Dec 24, 2008 | 1
A man left totally blind by a massive stroke navigated a complex maze of boxes, chairs and other objects without stumbling or colliding into any of the obstacles.
Brain scans showed that after suffering two consecutive strokes, the man, 56, lost all function in his visual cortex, the brain's primary vision-processing center. But despite the loss, an international research team (from the U.S. and five other countries) reports in the journal Current Biology that "he could successfully navigate down the extent of a long corridor in which various barriers were placed."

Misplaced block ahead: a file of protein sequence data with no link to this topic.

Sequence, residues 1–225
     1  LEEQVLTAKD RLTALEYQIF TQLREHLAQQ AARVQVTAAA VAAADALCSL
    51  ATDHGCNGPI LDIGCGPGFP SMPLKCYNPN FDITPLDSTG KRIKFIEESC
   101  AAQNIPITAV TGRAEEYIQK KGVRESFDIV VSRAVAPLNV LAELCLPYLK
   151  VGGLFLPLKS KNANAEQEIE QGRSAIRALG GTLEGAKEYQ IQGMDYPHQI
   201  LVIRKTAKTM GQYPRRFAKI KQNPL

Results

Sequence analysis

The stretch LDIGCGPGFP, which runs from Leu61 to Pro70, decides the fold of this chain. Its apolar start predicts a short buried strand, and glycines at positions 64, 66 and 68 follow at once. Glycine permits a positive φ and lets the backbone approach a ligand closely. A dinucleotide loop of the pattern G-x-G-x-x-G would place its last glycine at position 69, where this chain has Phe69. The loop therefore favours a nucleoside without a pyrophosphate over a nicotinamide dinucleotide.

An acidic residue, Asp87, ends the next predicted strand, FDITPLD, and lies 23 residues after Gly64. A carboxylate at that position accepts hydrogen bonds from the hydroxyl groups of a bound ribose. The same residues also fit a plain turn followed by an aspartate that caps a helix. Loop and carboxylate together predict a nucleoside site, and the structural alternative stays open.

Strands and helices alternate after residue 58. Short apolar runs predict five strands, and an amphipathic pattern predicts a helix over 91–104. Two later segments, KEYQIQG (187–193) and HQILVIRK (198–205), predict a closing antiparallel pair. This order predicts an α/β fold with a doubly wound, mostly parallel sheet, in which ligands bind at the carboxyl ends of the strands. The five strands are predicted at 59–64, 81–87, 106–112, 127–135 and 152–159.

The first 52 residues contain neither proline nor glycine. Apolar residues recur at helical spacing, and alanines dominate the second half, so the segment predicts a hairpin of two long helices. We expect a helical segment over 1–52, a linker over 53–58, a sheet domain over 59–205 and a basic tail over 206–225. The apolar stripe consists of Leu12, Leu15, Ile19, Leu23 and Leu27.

Neuroscientists call this ability blindsight. People with blindsight, "usually tell you that they cannot see a thing…. They cannot consciously see but they have some type of awareness," says Susana Martinez-Conde, a neuroscientist at the Barrow Neurological Institute in Phoenix, Ariz. For instance, she notes, they will correctly guess the number on flashcards more than 50 percent of the time even though their eyesight is shot.
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